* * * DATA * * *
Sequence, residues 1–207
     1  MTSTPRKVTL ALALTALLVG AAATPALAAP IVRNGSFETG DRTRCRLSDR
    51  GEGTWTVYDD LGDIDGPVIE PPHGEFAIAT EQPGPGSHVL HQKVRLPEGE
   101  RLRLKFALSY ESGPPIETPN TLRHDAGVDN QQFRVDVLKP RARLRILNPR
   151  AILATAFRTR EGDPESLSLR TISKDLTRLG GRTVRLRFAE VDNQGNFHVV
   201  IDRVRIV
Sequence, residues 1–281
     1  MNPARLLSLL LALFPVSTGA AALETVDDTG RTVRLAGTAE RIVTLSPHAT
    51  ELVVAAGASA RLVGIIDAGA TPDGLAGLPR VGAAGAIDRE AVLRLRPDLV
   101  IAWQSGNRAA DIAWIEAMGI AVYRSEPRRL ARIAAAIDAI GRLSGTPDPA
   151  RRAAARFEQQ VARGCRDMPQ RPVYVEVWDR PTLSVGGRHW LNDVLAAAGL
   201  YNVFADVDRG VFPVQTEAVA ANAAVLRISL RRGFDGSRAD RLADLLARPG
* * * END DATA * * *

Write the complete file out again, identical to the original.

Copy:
Sequence, residues 1–207
     1  MTSTPRKVTL ALALTALLVG AAATPALAAP IVRNGSFETG DRTRCRLSDR
    51  GEGTWTVYDD LGDIDGPVIE PPHGEFAIAT EQPGPGSHVL HQKVRLPEGE
   101  RLRLKFALSY ESGPPIETPN TLRHDAGVDN QQFRVDVLKP RARLRILNPR
   151  AILATAFRTR EGDPESLSLR TISKDLTRLG GRTVRLRFAE VDNQGNFHVV
   201  IDRVRIV
Sequence, residues 1–281
     1  MNPARLLSLL LALFPVSTGA AALETVDDTG RTVRLAGTAE RIVTLSPHAT
    51  ELVVAAGASA RLVGIIDAGA TPDGLAGLPR VGAAGAIDRE AVLRLRPDLV
   101  IAWQSGNRAA DIAWIEAMGI AVYRSEPRRL ARIAAAIDAI GRLSGTPDPA
   151  RRAAARFEQQ VARGCRDMPQ RPVYVEVWDR PTLSVGGRHW LNDVLAAAGL
   201  YNVFADVDRG VFPVQTEAVA ANAAVLRISL RRGFDGSRAD RLADLLARPG